RFC 3193 Securing L2TP using IPsec November 2001 act as though the policy had been violated. Similarly, an LNS implementing a "Require Encryption" or "Allow Encryption" policy will act as though these policies were satisfied, and would not mandate use of PPP encryption or compression. This is not the same as insisting that PPP encryption and compression be turned off, since this decision will depend on client policy. Since the client has no knowledge of the security services in place between the LAC and the LNS, and since it may not trust the LAC or the wire between itself and the LAC, the client will typically want to ensure sufficient security through use of end-to-end IPsec or PPP encryption/compression between itself and the LNS. A client wishing to ensure security services over the entire travel path would not modify this behavior even if it had knowledge of the security services in place between the LAC and the LNS. The client negotiates confidentiality services between itself and the LNS in order to provide privacy on the wire between itself and the LAC. The client negotiates end-to-end security between itself and the end- station in order to ensure confidentiality on the portion of the path between the LNS and the end-station. The client will typically not trust the LAC and will negotiate confidentiality and compression services on its own. As a result, the LAC may only wish to negotiate IPsec ESP with null encryption with the LNS, and the LNS will request replay protection. This will ensure that confidentiality and compression services will not be duplicated over the path between the LAC and the LNS. This results in better scalability for the LAC, since encryption will be handled by the client and the LNS. The client can satisfy its desire for confidentiality services in one of two ways. If it knows that all end-stations that it will communicate with are IPsec-capable (or if it refuses to talk to non- IPsec capable end-stations), then it can refuse to negotiate PPP encryption/compression and negotiate IPsec ESP with the end-stations instead. If the client does not know that all end-stations it will contact are IPsec capable (the most likely case), then it will negotiate PPP encryption/compression. This may result in duplicate compression/encryption which can only be eliminated if PPP compression/encryption can be turned off on a per-packet basis. Note that since the LNS knows that the client's packets are being tunneled but the client does not, the LNS can ensure that stateless compression/encryption is used by offering stateless compression/encryption methods if available in the ECP and CCP negotiations. Patel, et al. Standards Track [Page 19]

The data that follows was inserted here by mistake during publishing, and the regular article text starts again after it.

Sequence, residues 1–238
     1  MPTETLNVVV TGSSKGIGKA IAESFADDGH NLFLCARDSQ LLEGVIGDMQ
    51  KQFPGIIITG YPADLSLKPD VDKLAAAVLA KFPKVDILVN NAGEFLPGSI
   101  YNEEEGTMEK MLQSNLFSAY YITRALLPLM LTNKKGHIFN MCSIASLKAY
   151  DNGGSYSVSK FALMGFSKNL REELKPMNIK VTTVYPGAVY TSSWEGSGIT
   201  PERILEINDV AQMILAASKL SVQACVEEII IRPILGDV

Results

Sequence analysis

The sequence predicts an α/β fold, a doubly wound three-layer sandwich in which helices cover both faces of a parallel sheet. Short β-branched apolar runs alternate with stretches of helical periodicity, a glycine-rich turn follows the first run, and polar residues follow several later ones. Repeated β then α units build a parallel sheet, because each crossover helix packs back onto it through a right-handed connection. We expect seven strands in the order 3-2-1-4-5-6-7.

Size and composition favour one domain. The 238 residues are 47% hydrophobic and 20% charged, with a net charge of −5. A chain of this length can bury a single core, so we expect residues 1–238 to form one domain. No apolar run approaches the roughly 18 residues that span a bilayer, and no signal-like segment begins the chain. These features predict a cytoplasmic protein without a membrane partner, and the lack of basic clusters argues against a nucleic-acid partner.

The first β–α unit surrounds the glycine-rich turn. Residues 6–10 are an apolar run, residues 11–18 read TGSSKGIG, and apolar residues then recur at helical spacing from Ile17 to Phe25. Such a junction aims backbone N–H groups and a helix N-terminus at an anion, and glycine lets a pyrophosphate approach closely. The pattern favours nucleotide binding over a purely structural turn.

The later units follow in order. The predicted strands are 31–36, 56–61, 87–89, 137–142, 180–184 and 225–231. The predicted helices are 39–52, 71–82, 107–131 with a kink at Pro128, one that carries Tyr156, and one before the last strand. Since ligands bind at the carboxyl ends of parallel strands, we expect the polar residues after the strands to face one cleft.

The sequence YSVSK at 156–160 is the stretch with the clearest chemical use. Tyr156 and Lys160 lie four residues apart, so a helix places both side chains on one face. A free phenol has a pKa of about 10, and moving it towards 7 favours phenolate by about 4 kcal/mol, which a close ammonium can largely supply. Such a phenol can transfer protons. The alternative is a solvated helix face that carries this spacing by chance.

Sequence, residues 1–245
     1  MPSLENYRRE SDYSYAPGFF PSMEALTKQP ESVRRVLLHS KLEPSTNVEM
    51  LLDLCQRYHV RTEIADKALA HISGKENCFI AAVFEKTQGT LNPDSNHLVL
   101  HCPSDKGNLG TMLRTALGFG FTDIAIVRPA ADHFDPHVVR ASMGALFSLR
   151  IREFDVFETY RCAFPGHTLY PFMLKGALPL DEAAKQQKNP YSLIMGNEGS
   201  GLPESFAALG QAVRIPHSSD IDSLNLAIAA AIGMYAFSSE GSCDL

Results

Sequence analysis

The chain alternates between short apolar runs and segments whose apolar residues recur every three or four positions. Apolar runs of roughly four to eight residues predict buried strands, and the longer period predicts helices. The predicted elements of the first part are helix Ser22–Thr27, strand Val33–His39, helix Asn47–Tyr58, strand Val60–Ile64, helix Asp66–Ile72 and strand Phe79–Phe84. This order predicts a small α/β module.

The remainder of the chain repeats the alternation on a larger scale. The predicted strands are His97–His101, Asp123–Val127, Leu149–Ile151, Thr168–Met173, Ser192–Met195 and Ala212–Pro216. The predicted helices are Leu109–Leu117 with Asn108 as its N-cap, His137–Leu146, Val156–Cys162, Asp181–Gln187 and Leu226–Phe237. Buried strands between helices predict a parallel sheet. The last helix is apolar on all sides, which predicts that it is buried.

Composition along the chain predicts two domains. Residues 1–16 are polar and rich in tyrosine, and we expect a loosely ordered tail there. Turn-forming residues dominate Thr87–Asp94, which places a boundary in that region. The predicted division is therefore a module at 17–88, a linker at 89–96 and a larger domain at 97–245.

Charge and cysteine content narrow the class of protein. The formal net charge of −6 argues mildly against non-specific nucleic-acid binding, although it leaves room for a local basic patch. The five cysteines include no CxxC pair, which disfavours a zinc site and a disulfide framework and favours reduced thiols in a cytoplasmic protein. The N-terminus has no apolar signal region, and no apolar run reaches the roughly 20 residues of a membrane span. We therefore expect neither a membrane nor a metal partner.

RFC 3193 Securing L2TP using IPsec November 2001 5.2.2. Voluntary tunnel In the case of a voluntary tunnel, the client will be send L2TP packets to the NAS, which will route them to the LNS. Over a dialup link, these L2TP packets will be encapsulated in IP and PPP. Assuming that it is possible for the client to retrieve the properties of the Security Association between itself and the LNS, the client will have knowledge of any security services negotiated between itself and the LNS. It will also have knowledge of PPP encryption/compression services negotiated between itself and the NAS. From the LNS point of view, it will note a PPP frame encapsulated in L2TP, which is itself encapsulated in an IP packet. This situation is identical to the compulsory tunneling case. If LNS retrieves the properties of the Security Association set up between itself and the client, it can be informed of the security services in place between them. Thus in the voluntary tunneling case, the client and the LNS have symmetric knowledge of the security services in place between them. Since the LNS is capable of knowing whether confidentiality, authentication, integrity check or replay protection is in place between the client and itself, it is able to use this knowledge to modify its PPP ECP and CCP negotiation stance. If IPsec confidentiality is in place, the LNS can behave as though a "Require Encryption" directive had been fulfilled, not mandating use of PPP encryption or compression. Typically the LNS will not insist that PPP encryption/compression be turned off, instead leaving this decision to the client. Since the client has knowledge of the security services in place between itself and the LNS, it can act as though a "Require Encryption" directive had been fulfilled if IPsec ESP was already in place between itself and the LNS. Thus, it can request that PPP encryption and compression not be negotiated. If IP compression services cannot be negotiated, it will typically be desirable to turn off PPP compression if no stateless method is available, due to the undesirable effects of stateful PPP compression. Thus in the voluntary tunneling case the client and LNS will typically be able to avoid use of PPP encryption and compression, negotiating IPsec Confidentiality, Authentication, and Integrity protection services instead, as well as IP Compression, if available. This may result in duplicate encryption if the client is communicating with an IPsec-capable end-station. In order to avoid duplicate encryption/compression, the client may negotiate two Patel, et al. Standards Track [Page 20]